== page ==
Role of indoleamine 2,3-dioxygenase in an inflammatory model of murine gingiva

X. Qin, J. Y. Liu, T. Wang, D. H. Pashley, A. H. Al-Hashim, R. Abdelsayed, J. C Yu, M. S. Mozaffari, B. Baban

Research output: Contribution to journalArticle

7 Citations (Scopus)

Abstract

Background and Objective: Indoleamine 2,3-dioxygenase (IDO) is one of the major pathways for metabolism of tryptophan in a variety of cells, including immune cells. Increasing evidence indicates that IDO is a critical player in establishing the balance between immunity and tolerance and ultimately in the maintenance of homeostasis. By inducing inflammation in gingival tissue, we tested the hypothesis that IDO is a pivotal player in regulating the immune and inflammatory responses of gingiva. Material and Methods: We utilized the IDO knockout mouse model in conjunction with lipopolysaccharide (LPS)-induced inflammation. Accordingly, wild-type and IDO knockout mice were injected with LPS or vehicle in the anterior mandibular gingiva, twice over a 2-wk period, which was followed by procurement of gingival tissue for histopathology and preparation of tissue for flow cytometry-based studies. Results: Clinical and histological examinations revealed a marked adverse impact of IDO deficiency on gingival inflammation. These observations were consistent with a more marked increase in the number of cells positive for the proinflammatory cytokine interleukin (IL)-17, but no significant change in the number of cells positive for the anti-inflammatory cytokine IL-10, in LPS-treated IDO knockout mice. Consistent with the more marked proinflammatory impact of IDO deficiency, the percentage of regulatory T cells was much reduced in gingival tissue of LPS-treated IDO knockout mice than in gingival tissue of wild-type mice. These proinflammatory changes were accompanied with a prominent increase in apoptotic and necrotic cell death in gingival tissue of IDO knockout mice compared with wild-type mice. Conclusion: Collectively, our findings support a major role for IDO in the development of gingival inflammation, as an example of an inflammatory condition, and lay the foundation for subsequent studies to explore it as a novel immunotherapy target.

Original languageEnglish (US)
Pages (from-to)107-113
Number of pages7
JournalJournal of Periodontal Research
Volume52
Issue number1
DOIs
StatePublished - Feb 1 2017

Fingerprint

Indoleamine-Pyrrole 2,3,-Dioxygenase
Gingiva
Knockout Mice
Lipopolysaccharides
Inflammation
Cell Count
Cytokines
Tissue and Organ Procurement
Interleukin-17
Regulatory T-Lymphocytes
Tryptophan
Interleukin-10
Immunotherapy
Immunity
Flow Cytometry
Homeostasis
Cell Death
Anti-Inflammatory Agents

Keywords

  • Tregs
  • apoptosis
  • gingivitis
  • indoleamine 2,3-dioxygenase
  • inflammation
  • periodontitis

ASJC Scopus subject areas

  • Periodontics

Cite this

Role of indoleamine 2,3-dioxygenase in an inflammatory model of murine gingiva. / Qin, X.; Liu, J. Y.; Wang, T.; Pashley, D. H.; Al-Hashim, A. H.; Abdelsayed, R.; C Yu, J.; Mozaffari, M. S.; Baban, B.

In: Journal of Periodontal Research, Vol. 52, No. 1, 01.02.2017, p. 107-113.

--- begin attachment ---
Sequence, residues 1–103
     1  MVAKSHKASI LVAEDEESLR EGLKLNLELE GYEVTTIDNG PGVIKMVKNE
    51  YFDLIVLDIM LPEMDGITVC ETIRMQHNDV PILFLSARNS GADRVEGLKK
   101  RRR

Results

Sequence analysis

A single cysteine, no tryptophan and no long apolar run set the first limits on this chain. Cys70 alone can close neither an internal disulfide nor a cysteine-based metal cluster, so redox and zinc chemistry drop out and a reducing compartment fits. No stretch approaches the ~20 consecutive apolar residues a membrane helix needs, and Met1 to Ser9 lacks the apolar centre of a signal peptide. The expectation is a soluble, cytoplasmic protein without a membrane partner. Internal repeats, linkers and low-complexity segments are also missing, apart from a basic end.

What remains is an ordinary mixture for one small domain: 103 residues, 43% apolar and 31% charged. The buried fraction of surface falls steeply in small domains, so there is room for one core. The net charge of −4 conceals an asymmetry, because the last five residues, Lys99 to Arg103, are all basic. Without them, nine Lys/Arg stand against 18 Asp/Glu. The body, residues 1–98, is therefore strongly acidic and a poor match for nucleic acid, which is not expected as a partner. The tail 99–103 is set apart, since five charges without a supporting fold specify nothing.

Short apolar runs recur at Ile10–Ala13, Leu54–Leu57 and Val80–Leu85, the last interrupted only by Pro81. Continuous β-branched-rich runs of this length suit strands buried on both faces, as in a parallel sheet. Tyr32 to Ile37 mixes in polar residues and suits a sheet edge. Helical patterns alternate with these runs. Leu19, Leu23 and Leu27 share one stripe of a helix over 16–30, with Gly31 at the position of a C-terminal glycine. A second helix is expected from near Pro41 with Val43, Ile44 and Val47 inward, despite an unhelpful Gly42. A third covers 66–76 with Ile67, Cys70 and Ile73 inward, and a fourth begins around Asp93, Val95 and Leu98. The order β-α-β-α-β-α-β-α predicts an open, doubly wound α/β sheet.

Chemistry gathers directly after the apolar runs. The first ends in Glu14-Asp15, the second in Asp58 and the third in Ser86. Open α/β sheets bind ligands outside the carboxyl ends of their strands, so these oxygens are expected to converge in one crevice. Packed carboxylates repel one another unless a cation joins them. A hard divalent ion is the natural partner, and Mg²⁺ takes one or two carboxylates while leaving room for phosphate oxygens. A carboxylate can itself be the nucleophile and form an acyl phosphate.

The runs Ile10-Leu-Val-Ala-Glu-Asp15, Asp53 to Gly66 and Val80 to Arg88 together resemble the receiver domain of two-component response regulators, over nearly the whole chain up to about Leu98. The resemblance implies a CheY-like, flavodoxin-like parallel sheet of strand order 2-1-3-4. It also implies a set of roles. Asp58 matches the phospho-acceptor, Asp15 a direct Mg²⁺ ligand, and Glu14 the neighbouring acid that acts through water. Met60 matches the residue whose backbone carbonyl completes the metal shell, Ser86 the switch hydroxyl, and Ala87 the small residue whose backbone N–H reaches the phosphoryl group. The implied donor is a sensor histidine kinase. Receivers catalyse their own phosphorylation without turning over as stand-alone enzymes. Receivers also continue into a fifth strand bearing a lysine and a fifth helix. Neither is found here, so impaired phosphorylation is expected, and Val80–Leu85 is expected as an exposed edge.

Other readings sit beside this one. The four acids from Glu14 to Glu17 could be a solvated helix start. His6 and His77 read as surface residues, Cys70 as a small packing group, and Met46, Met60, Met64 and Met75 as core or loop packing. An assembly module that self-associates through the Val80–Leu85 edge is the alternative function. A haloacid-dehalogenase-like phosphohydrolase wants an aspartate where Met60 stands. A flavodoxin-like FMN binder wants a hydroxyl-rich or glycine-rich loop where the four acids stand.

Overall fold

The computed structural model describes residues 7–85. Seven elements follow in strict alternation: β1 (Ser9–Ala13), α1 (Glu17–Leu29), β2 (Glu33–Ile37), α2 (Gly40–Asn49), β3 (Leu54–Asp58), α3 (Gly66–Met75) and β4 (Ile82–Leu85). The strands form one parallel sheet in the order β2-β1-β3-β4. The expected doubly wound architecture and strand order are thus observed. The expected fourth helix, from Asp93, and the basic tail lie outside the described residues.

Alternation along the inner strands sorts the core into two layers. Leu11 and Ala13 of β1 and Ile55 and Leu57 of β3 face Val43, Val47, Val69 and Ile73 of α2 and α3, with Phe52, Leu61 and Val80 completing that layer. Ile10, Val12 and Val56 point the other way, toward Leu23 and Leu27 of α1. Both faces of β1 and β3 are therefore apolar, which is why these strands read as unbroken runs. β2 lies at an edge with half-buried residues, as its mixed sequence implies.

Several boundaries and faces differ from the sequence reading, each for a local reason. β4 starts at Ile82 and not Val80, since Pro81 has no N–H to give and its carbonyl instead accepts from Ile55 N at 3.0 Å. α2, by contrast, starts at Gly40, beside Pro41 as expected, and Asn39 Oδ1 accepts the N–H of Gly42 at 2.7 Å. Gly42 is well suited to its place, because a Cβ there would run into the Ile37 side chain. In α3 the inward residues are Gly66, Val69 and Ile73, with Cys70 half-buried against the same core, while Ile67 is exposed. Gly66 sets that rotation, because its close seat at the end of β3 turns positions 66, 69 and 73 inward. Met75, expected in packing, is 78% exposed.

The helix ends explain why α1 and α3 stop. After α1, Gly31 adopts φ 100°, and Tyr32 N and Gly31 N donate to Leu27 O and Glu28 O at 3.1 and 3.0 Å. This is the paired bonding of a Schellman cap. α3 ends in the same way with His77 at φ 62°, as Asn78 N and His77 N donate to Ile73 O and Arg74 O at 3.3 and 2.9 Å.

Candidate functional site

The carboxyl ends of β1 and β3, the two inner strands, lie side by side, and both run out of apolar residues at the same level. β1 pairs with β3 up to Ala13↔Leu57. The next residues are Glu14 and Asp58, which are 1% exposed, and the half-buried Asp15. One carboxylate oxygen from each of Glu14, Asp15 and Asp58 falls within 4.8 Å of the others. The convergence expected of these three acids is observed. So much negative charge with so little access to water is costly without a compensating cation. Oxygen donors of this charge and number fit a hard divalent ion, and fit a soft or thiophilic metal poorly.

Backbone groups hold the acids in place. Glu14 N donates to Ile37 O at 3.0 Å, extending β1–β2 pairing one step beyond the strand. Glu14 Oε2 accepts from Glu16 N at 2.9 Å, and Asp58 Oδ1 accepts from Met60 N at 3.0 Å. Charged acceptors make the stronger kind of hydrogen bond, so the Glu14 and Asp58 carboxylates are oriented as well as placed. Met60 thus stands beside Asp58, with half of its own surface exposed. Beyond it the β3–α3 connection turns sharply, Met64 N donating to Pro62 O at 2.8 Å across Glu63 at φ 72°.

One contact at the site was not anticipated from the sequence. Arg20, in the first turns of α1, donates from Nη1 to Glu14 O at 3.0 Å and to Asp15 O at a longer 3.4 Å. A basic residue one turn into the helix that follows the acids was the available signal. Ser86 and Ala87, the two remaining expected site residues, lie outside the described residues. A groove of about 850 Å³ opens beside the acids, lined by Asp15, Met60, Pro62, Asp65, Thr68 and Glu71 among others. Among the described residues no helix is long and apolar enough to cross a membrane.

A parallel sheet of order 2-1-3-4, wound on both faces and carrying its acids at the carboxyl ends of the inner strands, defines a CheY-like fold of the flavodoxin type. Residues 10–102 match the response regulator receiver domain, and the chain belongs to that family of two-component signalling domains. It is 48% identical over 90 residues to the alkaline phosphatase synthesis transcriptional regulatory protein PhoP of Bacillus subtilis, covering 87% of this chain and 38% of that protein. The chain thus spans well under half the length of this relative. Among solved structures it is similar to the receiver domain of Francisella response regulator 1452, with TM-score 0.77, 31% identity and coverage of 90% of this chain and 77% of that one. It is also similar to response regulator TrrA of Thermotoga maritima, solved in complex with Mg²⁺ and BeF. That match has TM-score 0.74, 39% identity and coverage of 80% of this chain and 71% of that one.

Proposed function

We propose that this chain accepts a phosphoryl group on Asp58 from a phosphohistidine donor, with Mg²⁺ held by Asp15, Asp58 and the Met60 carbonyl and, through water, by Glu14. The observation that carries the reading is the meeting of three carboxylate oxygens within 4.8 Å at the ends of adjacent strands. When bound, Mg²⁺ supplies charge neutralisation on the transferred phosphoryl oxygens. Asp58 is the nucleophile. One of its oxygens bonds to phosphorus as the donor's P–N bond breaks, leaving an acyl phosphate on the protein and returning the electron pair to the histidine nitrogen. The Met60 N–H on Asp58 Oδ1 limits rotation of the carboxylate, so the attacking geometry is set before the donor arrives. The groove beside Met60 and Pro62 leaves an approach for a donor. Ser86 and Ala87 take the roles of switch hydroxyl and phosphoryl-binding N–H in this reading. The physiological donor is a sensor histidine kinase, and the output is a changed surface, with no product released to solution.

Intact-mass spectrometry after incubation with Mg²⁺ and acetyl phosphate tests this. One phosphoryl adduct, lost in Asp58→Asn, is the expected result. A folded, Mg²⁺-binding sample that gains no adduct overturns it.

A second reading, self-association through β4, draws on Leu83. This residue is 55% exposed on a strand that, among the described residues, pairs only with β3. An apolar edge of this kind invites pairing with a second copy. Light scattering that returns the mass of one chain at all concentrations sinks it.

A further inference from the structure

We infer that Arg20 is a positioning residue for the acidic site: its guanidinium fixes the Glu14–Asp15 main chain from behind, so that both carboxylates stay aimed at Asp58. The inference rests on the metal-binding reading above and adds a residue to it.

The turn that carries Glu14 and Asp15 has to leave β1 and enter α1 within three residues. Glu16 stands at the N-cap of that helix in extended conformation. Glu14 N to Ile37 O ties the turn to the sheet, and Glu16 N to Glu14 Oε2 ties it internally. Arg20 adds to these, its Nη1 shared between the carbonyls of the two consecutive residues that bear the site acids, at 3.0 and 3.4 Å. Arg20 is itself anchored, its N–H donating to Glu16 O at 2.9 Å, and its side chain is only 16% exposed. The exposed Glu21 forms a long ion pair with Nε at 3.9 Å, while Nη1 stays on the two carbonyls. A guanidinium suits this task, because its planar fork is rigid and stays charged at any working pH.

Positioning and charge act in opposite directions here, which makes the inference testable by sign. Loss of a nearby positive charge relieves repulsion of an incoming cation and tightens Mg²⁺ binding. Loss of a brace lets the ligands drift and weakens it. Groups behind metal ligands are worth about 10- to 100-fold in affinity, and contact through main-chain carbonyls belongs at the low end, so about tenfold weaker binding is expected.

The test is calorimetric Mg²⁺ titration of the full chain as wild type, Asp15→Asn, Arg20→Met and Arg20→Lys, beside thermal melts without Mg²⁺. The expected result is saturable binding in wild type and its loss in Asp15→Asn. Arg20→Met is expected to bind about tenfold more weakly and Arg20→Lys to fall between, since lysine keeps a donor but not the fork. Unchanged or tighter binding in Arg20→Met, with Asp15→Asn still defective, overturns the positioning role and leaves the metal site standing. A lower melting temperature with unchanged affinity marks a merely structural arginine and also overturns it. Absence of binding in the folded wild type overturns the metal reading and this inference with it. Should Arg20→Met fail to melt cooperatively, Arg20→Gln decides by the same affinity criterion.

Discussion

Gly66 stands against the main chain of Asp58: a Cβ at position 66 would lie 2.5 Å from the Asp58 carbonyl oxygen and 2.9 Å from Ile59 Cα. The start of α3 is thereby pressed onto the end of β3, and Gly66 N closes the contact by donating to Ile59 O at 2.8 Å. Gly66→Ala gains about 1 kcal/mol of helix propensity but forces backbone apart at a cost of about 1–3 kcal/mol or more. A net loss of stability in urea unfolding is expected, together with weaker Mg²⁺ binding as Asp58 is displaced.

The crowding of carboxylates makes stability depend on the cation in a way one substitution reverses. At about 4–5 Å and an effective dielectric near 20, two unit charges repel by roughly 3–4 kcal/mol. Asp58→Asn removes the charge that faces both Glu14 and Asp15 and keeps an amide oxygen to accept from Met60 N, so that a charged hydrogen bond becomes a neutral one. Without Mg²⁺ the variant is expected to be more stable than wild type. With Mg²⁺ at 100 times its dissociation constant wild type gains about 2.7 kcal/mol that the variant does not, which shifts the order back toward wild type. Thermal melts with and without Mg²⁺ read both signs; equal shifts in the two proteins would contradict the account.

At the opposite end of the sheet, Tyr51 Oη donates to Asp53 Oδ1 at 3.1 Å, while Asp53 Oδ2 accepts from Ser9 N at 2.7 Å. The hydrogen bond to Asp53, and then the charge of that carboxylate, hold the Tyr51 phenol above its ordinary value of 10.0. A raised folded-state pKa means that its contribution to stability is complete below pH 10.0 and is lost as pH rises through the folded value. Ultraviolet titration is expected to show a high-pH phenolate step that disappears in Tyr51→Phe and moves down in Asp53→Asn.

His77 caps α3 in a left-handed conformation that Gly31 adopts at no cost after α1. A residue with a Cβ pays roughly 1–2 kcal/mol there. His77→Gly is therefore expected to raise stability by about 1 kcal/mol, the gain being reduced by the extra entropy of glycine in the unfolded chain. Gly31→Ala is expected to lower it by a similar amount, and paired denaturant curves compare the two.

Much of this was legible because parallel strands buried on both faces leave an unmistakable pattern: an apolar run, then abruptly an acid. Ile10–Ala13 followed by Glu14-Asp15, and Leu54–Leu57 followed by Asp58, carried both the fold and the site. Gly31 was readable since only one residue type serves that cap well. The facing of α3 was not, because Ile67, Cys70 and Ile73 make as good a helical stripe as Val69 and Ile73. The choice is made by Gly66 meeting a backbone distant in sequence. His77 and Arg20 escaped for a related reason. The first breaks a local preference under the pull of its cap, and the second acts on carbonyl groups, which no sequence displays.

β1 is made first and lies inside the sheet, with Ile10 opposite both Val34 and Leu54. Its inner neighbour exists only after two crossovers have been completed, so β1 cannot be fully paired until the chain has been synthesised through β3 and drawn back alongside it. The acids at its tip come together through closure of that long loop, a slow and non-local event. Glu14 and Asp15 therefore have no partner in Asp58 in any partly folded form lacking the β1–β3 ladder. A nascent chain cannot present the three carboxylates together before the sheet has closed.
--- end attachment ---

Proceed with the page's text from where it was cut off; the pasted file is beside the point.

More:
Research output: Contribution to journalArticle

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abstract = "Background and Objective: Indoleamine 2,3-dioxygenase (IDO) is one of the major pathways for metabolism of tryptophan in a variety of cells, including immune cells. Increasing evidence indicates that IDO is a critical player in establishing the balance between immunity and tolerance and ultimately in the maintenance of homeostasis. By inducing inflammation in gingival tissue, we tested the hypothesis that IDO is a pivotal player in regulating the immune and inflammatory responses of gingiva. Material and Methods: We utilized the IDO knockout mouse model in conjunction with lipopolysaccharide (LPS)-induced inflammation. Accordingly, wild-type and IDO knockout mice were injected with LPS or vehicle in the anterior mandibular gingiva, twice over a 2-wk period, which was followed by procurement of gingival tissue for histopathology and preparation of tissue for flow cytometry-based studies. Results: Clinical and histological examinations revealed a marked adverse impact of IDO deficiency on gingival inflammation. These observations were consistent with a more marked increase in the number of cells positive for the proinflammatory cytokine interleukin (IL)-17, but no significant change in the number of cells positive for the anti-inflammatory cytokine IL-10, in LPS-treated IDO knockout mice. Consistent with the more marked proinflammatory impact of IDO deficiency, the percentage of regulatory T cells was much reduced in gingival tissue of LPS-treated IDO knockout mice than in gingival tissue of wild-type mice. These proinflammatory changes were accompanied with a prominent increase in apoptotic and necrotic cell death in gingival tissue of IDO knockout mice compared with wild-type mice. Conclusion: Collectively, our findings support a major role for IDO in the development of gingival inflammation, as an example of an inflammatory condition, and lay the foundation for subsequent studies to explore it as a novel immunotherapy target.",
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AU - Wang, T.

AU - Pashley, D. H.

AU - Al-Hashim, A. H.

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AU - Mozaffari, M. S.

AU - Baban, B.

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